Similarly, writers often prefix epigraphs and mottos taken from other works to the beginnings of works or sections of works in order to introduce motifs. The epigraph, for instance, on the title page of Joyce’s A Portrait of the Artist as a Young Man evokes Roman poet Ovid’s collection of myths Metamorphoses as it announces the craftsman Daedalus’s application of his mind to “unknown arts”. This then serves as a parallel to the narrative of Joyce’s novel, in which the hero Dedalus turns towards similarly unknown arts as he prepares to go and “forge in the smithy of [his] soul the uncreated conscience of [his] race”.
More generally, several recent literary theorists (like Julia Kristeva and Roland Barthes) have argued that the writing and reading of any text happens in the context of various other texts, which results in what has become known as the phenomenon of intertextuality. The idea is that texts are mixtures of other texts or ‘tissues of citations’, which means, in turn, that they rely on different and often conflicting systems of meaning and values, and this should be taken into consideration in our interpretations of these texts as well. (A reading of Tom Stoppard’s play Rosencrantz and Guildenstern Are Dead, for instance, can hardly ignore the interplay of Shakespeare’s Hamlet and the 20th century theatre of the absurd in the same text.)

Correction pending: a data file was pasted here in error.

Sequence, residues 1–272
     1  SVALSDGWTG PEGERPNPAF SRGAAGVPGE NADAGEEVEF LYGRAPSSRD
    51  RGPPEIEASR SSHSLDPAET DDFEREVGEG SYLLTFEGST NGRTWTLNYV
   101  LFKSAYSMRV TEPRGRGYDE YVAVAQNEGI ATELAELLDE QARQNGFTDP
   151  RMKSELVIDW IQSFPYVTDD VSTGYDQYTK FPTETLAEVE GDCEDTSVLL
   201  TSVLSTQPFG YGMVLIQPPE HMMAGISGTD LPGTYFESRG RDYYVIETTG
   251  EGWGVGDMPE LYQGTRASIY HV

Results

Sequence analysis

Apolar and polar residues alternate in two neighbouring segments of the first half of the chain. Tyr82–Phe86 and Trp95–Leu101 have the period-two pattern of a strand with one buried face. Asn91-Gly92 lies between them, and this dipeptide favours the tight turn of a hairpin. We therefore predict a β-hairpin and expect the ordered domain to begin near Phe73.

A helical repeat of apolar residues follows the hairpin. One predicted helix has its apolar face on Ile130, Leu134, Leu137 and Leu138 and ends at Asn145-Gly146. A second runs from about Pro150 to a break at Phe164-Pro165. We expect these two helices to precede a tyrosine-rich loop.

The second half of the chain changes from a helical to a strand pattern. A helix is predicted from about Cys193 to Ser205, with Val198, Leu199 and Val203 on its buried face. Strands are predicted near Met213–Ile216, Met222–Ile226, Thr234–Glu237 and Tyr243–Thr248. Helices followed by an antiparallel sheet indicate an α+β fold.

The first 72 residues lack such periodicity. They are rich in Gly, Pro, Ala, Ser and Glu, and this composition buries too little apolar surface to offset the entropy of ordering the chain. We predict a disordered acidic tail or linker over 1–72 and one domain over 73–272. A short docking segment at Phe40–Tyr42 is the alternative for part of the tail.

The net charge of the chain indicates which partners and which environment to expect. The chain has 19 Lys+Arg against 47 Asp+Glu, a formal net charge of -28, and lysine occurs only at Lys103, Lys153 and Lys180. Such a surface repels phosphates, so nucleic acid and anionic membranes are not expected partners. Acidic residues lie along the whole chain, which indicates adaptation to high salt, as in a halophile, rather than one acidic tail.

In an effort to discuss the general effect of the literary tradition on authors, American critic Harold Bloom has recently suggested the usefulness of recognising what he termed the “anxiety of influence”. According to this argument, the ideal of originality has forced certain authors (like many Romantic and post-Romanic poets) to exaggerate their independence from predecessor writers by misinterpreting them and thus denying their influence.